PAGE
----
Love it or hate it, the data is here to stay.
If this scares you, you can try to ignore it. If that comforts you, you’ll probably want to bite into it. But the fact remains: Nowadays, every action we take generates data. Think about any day in your life and you will have created data. Use your GPS to get to work; your mobile phone to pay for groceries at the supermarket at lunchtime; your Google searches throughout the day when you take a short break. Each person generates mind-boggling amounts of data every day, just by going about their usual routines.
The good news is, although it scares you, there’s a lot of valuable information lurking in this data, which ultimately helps make our lives easier.
Whether it’s finding the fastest route to work, keeping tabs on our finances, or having a more intuitive search engine to rely on at work. Whereas at one time this data was the preserve of the IT team – BI specialists, data scientists and other skilled data experts – it is now for all of us. You no longer need a doctorate in data science, or 15 years of technology experience to understand a dataset. All you need is access to a BI dashboard and a passion for learning, and off you go.
Nowadays, anyone can be a citizen data scientist.
What exactly is a citizen data scientist?
“Citizen data scientist” was a term first introduced by Gartner.
They define him as: “a person who creates or generates models that use advanced diagnostic analyzes or predictive and prescriptive capabilities, but whose primary function is outside the realm of statistics or analysis”.
In other words, they are non-technical employees who use data science tools to solve business problems. They have a solid business background and are able to combine that expertise with user-friendly technologies to make sense of their data and make smarter business decisions.
These citizen data scientists don’t have to sit in IT and are spread out across the organization; from sales and marketing to customer service or human resources.
Above all, their business experience and knowledge of its priorities allow them to integrate data science results into business processes. And it doesn’t end there, because the ability to turn data into information isn’t just valuable in a business context; Informed individual data consumers are also starting to rely on data to make better decisions about their privacy.
What is this information that can help us make better decisions?
The main reason is to get smarter. Data helps us decide what might be the best course of action and makes our lives easier. More data-driven than finger in the air.
In a business context, this can be for e-commerce purposes, where sellers can use consumer behavior to decide how to structure a website to improve sales; or in logistics where historical travel data can help plan the fastest possible routes for deliveries. In a consumer context, it might be someone who wants to track their personal finances or save money more effectively using an app that records spending habits. It can even go as far as optimizing the use of your car so that it generates less CO2.
In each scenario, by giving consumers the ability to analyze their own data, in the moment they can make better, more data-driven choices.
You decide what to do with the data
There are many reasons that data consumers would want to get behind the wheel of their data and become a citizen data scientist.
First, it has become almost impossible not to use data in our daily working life. Most companies today measure performance using KPIs and more and more business decisions are made based on what that data tells them. They rely heavily on their data to take the next step, so if you don’t engage with the data yourself, you could be a few steps behind.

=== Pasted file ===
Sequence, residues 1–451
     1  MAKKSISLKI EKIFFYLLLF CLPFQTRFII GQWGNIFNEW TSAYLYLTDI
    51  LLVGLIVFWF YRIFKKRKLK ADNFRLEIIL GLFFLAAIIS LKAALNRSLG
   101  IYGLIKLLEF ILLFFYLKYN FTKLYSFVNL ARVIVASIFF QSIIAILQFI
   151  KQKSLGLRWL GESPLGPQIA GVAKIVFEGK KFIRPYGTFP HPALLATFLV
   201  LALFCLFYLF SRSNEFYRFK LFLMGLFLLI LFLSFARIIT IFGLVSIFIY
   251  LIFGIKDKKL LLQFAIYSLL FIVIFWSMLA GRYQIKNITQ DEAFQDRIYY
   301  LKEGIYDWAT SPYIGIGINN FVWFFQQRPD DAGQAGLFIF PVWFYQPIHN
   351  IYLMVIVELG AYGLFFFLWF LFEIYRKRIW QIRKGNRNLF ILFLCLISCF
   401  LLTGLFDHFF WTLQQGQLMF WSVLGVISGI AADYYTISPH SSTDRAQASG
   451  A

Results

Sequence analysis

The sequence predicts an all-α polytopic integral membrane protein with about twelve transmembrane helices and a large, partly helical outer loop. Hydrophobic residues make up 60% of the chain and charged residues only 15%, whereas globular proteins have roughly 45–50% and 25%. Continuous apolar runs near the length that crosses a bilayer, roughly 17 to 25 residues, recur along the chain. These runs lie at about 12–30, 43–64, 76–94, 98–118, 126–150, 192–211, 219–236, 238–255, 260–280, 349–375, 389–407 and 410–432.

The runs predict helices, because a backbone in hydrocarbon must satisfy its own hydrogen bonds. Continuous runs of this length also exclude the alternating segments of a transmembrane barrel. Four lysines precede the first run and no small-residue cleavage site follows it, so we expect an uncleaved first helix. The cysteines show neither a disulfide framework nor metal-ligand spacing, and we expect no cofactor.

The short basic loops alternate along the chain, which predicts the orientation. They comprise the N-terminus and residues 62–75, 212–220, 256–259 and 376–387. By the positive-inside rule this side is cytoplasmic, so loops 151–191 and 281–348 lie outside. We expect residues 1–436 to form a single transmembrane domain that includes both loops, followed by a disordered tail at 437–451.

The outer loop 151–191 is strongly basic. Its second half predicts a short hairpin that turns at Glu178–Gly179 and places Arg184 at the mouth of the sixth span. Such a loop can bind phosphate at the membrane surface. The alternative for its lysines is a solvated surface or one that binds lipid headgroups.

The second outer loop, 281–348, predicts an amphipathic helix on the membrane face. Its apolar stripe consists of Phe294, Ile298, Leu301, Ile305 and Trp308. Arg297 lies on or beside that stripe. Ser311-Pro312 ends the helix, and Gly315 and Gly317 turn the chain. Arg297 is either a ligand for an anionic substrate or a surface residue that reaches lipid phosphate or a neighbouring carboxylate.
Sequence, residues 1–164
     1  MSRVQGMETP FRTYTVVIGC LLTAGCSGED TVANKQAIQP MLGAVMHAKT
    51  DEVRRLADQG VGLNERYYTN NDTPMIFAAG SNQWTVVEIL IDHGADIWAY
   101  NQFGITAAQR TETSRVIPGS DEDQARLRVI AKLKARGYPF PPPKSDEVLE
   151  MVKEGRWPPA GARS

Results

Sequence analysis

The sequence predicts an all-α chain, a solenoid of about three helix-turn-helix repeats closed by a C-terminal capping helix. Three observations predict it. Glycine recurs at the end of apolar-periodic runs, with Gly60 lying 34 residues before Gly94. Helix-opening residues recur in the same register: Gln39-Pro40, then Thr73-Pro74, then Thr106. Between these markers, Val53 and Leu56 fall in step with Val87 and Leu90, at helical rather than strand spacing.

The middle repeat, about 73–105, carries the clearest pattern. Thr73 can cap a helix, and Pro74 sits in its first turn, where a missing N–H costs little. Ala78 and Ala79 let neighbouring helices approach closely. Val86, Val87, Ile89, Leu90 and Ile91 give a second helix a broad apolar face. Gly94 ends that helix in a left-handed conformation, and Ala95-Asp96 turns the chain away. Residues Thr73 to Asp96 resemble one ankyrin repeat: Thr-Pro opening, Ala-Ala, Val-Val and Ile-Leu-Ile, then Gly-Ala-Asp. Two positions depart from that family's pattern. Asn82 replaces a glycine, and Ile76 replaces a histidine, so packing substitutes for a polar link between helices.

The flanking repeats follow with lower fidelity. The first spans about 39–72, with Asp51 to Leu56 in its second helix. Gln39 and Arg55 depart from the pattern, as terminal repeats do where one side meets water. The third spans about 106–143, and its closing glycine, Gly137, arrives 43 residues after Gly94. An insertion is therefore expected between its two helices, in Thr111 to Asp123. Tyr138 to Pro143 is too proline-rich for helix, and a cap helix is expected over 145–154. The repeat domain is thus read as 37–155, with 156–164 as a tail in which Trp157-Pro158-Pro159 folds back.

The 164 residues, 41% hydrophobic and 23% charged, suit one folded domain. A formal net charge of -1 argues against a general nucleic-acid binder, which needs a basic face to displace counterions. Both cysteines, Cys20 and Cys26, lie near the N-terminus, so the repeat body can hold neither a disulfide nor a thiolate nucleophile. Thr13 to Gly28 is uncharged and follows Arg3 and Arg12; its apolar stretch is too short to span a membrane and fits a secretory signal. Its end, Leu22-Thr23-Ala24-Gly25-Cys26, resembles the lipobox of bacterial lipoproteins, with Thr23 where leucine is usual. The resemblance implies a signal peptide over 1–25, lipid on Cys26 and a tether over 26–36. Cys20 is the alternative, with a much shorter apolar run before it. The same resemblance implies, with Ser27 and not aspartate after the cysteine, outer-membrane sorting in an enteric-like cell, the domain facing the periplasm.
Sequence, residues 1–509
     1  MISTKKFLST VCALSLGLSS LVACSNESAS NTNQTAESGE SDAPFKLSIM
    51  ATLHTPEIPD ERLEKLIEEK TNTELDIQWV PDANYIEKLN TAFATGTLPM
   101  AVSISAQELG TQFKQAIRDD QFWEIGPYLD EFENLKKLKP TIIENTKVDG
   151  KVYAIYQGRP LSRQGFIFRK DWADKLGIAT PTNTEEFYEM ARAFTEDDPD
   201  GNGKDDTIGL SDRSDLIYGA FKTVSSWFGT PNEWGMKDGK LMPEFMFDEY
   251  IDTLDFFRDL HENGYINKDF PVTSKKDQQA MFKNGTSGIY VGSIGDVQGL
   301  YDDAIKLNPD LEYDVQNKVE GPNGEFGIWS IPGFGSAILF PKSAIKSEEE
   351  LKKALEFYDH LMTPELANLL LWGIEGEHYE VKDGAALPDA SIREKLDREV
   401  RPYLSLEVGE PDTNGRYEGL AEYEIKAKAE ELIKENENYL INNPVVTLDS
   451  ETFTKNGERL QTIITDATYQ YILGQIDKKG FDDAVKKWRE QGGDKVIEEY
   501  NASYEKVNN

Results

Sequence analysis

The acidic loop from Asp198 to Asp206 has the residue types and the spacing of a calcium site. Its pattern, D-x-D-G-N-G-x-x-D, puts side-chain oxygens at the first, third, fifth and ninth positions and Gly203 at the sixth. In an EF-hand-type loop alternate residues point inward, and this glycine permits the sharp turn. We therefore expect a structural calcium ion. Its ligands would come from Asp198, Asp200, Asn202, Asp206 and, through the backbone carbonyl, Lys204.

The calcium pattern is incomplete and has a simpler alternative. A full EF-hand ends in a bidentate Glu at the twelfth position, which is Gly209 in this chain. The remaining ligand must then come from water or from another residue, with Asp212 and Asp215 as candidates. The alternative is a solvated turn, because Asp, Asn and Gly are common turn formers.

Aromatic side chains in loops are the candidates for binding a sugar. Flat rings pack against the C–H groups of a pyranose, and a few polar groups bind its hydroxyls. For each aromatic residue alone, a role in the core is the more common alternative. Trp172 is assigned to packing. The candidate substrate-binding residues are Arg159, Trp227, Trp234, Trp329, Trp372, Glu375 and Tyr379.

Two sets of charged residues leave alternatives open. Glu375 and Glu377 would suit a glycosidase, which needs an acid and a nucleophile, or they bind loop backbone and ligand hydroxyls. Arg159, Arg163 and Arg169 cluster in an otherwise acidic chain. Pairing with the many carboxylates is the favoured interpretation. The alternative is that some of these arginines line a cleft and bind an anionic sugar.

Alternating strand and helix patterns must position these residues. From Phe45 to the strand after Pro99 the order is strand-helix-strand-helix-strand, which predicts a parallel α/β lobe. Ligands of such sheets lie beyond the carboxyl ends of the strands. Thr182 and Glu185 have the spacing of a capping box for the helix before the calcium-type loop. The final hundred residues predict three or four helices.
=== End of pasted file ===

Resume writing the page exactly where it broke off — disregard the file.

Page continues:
Second, there simply aren’t enough data scientists to meet the demand for information. And with the ever-increasing volume of data, a data scientist’s time is now spent on more complex analytical tasks such as data modeling, preparation, AI and ML algorithms, leaving less time for daily business analysis.
And third (perhaps most important), the technology is now available to not only control them, but also enrich the data by placing it in an important functional context.
Technology has paved the way for a mass democratization of data science, with drag-and-drop tools that make it easier than ever to slice and slice business data and remove complexity. And because business users have the subject matter expertise for their particular function, it means they can begin to understand and put data into context that was not previously possible with dedicated data scientists.
So why is this important to SaaS product owners in a business context?
Simply put, because the technology that empowers business users to become citizen data scientists means they can make relevant, data-driven decisions without requiring technical expertise. From an employee perspective, this is a revolutionary approach that will see SaaS companies / products drive positive change in their end user organizations. Equip users with the tools they need to analyze their own data:
- Lighten the workload of data scientists so they can focus on basic analytics
- Foster a culture of data best practices within an organization with business people encouraged to use technology for decision making.
- Position the SaaS product as innovative, supportive, and designed to create actionable insights for better decisions.
Ultimately, no business user should be limited to a single data snapshot created by a data scientist with less business context. They should explore and create their own views on the data, based on the expertise and context they bring to the table. Consequently, the rise of the citizen data scientist and SaaS platforms compatible with analysis probably go hand in hand.
Karel Callens, CEO and co-founder, Cumul.io